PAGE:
By Eddie Pells
AP National Writer
RIO DE JANEIRO — For decades, race walking and all its straight-legged, hip-swaying awkwardness has largely been ignored, derided and sometimes ridiculed by those unfamiliar with the inner workings of the sport.
To the Russians, it was never a joke.
Aware of the nine Olympic medals available — the first three of the Rio Games are up for grabs Friday in the 20-kilometer men’s walk — Russia ramped up a doping machine that produced champion race walkers, year after year. That machine won 11 medals in the past five games. It worked so well, in fact, that race walking became the epicenter of the doping scandal that engulfed the country’s entire sports program and led to the ouster of the track team from this year’s Olympics.
“I wasn’t surprised,” retired American race walker Curt Clausen said of the revelations about Russian race walking that have surfaced over the past two years. “I was more glad somebody is finally shining some light on the issue.”
Clausen is 48 now and keeps his hand in the game as a member of the USA Track and Field board of directors. At his house in Wisconsin is a replica of the bronze medal he won at the 1999 world championships. The duplicate medal — he never got the original — was awarded to him two years after the race, when the Russian winner, German Skurygin, was disqualified for doping. Clausen calls it “my big penny, the validation for my career.”
He received it during a break at a national meet in 2001.
“It was like a 38-second ceremony, and people didn’t understand why I was getting the medal,” Clausen said.
Much to his shock, Skurygin had served his ban and was back out on the course two years later, dominating races again. Two years after that, Skurygin died of a heart attack at age 45.
It came as no surprise to Clausen, then, when Russian race walkers started being kicked out of the sport at an alarming rate. There have been at least 33 doping cases involving Russian walkers in recent years, with 26 of them serving bans. They trained out of a small city in central Russia called Saransk. Many were coached by Viktor Chegin, who resigned last year.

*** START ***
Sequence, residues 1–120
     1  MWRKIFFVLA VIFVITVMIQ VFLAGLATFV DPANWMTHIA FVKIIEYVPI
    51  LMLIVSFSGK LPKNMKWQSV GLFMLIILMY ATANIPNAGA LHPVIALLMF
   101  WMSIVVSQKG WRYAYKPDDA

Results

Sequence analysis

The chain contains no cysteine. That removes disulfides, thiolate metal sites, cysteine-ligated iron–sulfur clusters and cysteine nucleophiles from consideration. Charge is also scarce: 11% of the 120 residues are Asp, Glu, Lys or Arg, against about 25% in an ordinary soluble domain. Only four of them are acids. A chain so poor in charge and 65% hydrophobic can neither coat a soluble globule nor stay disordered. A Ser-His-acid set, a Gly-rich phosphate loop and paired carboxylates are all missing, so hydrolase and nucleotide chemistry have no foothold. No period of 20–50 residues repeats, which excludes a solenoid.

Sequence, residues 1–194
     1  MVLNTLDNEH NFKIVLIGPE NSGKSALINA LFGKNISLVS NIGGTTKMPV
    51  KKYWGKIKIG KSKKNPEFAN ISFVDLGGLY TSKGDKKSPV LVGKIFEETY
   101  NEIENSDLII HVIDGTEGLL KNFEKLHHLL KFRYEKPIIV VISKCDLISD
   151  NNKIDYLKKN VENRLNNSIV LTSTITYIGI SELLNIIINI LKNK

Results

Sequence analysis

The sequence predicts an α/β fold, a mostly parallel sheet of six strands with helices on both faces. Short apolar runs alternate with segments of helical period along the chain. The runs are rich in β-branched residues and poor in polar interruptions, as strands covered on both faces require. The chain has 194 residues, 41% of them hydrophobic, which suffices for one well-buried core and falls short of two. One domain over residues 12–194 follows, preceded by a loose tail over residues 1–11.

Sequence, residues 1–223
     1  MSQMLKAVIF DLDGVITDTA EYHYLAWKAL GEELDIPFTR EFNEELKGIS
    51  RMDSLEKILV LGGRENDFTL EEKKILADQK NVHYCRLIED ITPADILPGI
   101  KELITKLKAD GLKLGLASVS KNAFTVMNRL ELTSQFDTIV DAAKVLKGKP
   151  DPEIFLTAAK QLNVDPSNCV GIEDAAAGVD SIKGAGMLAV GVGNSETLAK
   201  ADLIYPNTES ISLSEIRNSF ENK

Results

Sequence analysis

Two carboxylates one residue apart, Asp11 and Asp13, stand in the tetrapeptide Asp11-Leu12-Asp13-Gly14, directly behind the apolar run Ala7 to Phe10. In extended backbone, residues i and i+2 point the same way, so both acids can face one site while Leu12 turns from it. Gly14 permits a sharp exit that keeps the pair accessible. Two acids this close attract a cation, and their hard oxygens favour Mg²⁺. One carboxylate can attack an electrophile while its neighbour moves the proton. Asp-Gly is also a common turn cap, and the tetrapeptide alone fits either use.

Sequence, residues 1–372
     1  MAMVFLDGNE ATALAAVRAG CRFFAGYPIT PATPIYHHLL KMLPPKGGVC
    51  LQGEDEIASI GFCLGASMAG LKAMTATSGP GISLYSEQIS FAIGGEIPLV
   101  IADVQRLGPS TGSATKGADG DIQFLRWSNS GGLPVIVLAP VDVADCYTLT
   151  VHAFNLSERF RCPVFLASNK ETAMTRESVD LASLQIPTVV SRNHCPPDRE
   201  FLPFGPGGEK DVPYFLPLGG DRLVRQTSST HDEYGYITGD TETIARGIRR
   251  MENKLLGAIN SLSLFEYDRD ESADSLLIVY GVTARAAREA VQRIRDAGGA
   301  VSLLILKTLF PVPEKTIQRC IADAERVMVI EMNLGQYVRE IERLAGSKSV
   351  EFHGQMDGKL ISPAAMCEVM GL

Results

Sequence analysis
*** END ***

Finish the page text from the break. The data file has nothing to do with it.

“I once told Curt I didn’t know if all the doping (in the sport) affected me much,” said American John Nunn, a member of this year’s team whose best finish at his previous two Olympics is 26th. “Curt smiled. He said, ‘John, when you finish fourth and miss the podium because the person in front of you doped, it takes on a whole new meaning.’”
It takes on even greater meeting to Jared Tallent, the Australian who finished second to Russian Sergey Kirdyapkin at the London Olympics but received the gold medal earlier this year after Kirdyapkin got nailed for doping. The IOC website posting the results of that race says they are not final, because retests of samples from both Beijing and London are still being analyzed.
Earlier this year, Tallent finished second to Italian Alex Schwarzer at the World Race Walking Team Championships in Rome. Schwarzer had a four-year doping ban reduced by three months, which made him eligible for the major race in his home country. About a month after the event, it was revealed he had another positive. He has been banned from the Olympics and is appealing, with a decision expected this week from the Court of Arbitration for Sport.
The case involving Schwarzer, who also beat Tallent at the Beijing Olympics, illustrates how far race walking still has to go to clean up its act, even with the Russians out of the mix. The woman who won the 20K in Rome and is a favorite at the Olympics, China’s Liu Hong, got stripped of the Rome title and served an almost-unheard-of one-month ban. Liu is coached by the same Italian who used to coach Schwarzer.
“I’m still leery about what’s going to happen,” Nunn said.
Tallent is trying to stay upbeat, and said that Friday — along with Aug. 19, when the women’s 20K and men’s 50K walks take place — should be good days for his sport.
“They have been the main culprits in our sport,” Tallent said of the Russians, in an interview with Australian media last week. “A lot of the top guys will think they have got a chance for a medal, whereas in the past, when you had the three Russians there, you always thought it was going to be pretty tough to get a medal.”
Of course, none of that can erase the past — or give Clausen the turn on the medals podium that was denied him all those years ago.
Still, he’ll be in Rio for the races — rooting for his American buddy, Nunn, along with others he knows have done things the right way over the years.
“It seems there’s been a failure at many different levels,” Clausen said. “Now that that’s been brought to light, I’m optimistic some of those gaps can be closed.”